LASA Presents: Tunnel of Oppression

On Monday, Nov. 6 a discussion on immigrant oppression in the United States educated students on mass deportation laws under the new administration and the obstacles undocumented citizens face in America. This was part of Immigration week, a series of events hosted by the Latin American Student Association (LASA) to bring awareness to the struggles immigrants face in America.

“People don’t want to be or choose to be documented,” said one  student.

Students were given a number of short testimonies from immigrants about their blocked opportunities in this country as an undocumented citizen. Immigrants can’t get a job, a license, visit their homeland to see their family or get a quality education. Over 65,000 documented students apply for Deferred Action for Childhood Arrivals (DACA) each year. This program had allowed young adults a two year temporary stay to work or attend school in the U.S., until President Donald Trump issued an executive order to eliminate it.

There is a lack of English as a Second Language (ESL) programs in public education and a lack of federal aid immigrant students receive for a higher education. At some state universities immigrant students have to pay out-of-state tuition because they are still considered international students, regardless of how long they have lived in the states.

The U.S receives 88,000 visa applications a year, and only accepts a max of 10,000 applicants, placing thousands on a waitlist. The extensive process to receive a green card for temporary stay in the country can take years.

“My mom waited 15 years for a court date to get a green card,” said LASA President Cindy Zhunio.

After the judge called out and cancelled the scheduled court date, Zhunio’s mom had to wait another two years for a court date.

“We’re lucky, in some states it’s a 10 year wait,” she said.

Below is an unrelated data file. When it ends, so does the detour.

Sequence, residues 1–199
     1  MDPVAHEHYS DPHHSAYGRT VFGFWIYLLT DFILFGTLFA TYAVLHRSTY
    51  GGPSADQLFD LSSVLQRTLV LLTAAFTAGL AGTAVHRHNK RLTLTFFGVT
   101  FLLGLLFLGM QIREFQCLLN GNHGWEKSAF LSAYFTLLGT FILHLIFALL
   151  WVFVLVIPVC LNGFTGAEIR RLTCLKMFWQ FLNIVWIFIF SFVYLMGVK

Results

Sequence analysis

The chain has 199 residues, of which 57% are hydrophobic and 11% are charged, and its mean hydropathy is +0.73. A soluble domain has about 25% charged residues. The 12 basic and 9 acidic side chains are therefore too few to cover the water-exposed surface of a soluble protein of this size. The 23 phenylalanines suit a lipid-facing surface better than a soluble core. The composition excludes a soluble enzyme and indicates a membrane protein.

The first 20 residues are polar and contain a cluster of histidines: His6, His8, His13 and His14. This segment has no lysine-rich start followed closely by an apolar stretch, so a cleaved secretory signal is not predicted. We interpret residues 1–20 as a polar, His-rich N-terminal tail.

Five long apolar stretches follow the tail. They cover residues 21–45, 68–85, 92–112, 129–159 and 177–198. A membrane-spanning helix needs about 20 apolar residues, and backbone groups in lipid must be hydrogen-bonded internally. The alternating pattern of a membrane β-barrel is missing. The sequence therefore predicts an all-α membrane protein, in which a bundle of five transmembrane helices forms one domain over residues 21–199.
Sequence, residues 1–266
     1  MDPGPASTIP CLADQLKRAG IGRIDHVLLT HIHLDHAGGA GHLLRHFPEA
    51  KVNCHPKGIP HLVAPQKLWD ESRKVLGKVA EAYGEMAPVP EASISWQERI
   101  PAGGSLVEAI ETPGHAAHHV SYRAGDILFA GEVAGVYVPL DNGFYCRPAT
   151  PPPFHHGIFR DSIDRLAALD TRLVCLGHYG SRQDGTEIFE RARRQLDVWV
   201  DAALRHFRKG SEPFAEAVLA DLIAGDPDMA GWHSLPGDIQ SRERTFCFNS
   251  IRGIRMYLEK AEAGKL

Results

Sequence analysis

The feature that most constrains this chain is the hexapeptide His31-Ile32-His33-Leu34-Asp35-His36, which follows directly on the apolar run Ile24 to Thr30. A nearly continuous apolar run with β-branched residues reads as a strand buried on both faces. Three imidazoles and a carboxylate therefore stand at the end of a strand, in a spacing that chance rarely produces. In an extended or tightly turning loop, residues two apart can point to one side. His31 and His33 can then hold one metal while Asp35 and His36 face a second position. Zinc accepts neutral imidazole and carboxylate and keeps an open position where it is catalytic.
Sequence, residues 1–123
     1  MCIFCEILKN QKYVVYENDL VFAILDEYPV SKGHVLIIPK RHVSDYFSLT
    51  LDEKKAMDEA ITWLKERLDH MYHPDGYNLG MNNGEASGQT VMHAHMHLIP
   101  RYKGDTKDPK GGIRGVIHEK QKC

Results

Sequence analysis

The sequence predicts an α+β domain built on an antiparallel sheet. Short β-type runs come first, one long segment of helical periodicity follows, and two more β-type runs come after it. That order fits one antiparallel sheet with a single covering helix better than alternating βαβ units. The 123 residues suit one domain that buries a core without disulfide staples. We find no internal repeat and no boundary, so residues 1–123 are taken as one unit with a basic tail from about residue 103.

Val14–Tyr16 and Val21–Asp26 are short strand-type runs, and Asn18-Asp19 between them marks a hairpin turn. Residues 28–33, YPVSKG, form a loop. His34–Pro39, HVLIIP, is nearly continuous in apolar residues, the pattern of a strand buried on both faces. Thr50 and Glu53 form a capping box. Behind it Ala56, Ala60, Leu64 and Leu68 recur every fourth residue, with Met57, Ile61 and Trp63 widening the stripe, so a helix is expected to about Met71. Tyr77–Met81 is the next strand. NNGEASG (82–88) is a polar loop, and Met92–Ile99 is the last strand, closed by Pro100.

After three to four court hearings, one may become eligible for a visa. Five years after having a visa, a person must complete a naturalization process and a series of comprehension exams before applying for American citizenship.

Later, a video was shown depicting the unlawful tactics of the U.S Immigration and Customs Enforcement (I.C.E.) in Arizona. I.C.E. is a federal agency that enforces laws regarding “border control, trade and immigration to promote homeland security and public safety.” In Arizona, 300,000 undocumented men and women live in fear of being unlawfully deported.

Under the Obama administration, immigrants were told  that as long as they visit I.C.E. regularly and maintain their status as “upstanding members of society” they would be safe to live their lives in this country. After Trump took office, people would go in for their routine check ins with authorities and leave in handcuffs.

There were personal accounts where “I.C.E. raided markets like C-Town and local parks in communities that were predominately hispanic,” Zhunio said.

Undocumented individuals are being detained and deported based on minor criminal offenses such as not wearing a seatbelt or having a tailgate light out. Trump’s executive order cracking down on the finding and removing of immigrants allowed for “expedited removal of the undocumented without a hearing, trial or a judge’s approval” stated the video.

Immigrants living under the constant threat of arrest are not even given the the right to contact a lawyer.  The words immigrant, illegal,and undocumented all have a social stigma attached the label.

“If you are human, how are you illegal…human rights is a thing,” Zhunio said. “Immigration reform, doesn’t take into account these stories of innocent men, women and children who seek out the American Dream. I hope people become more aware of different perspectives, and not stick in the point of view they want to see.”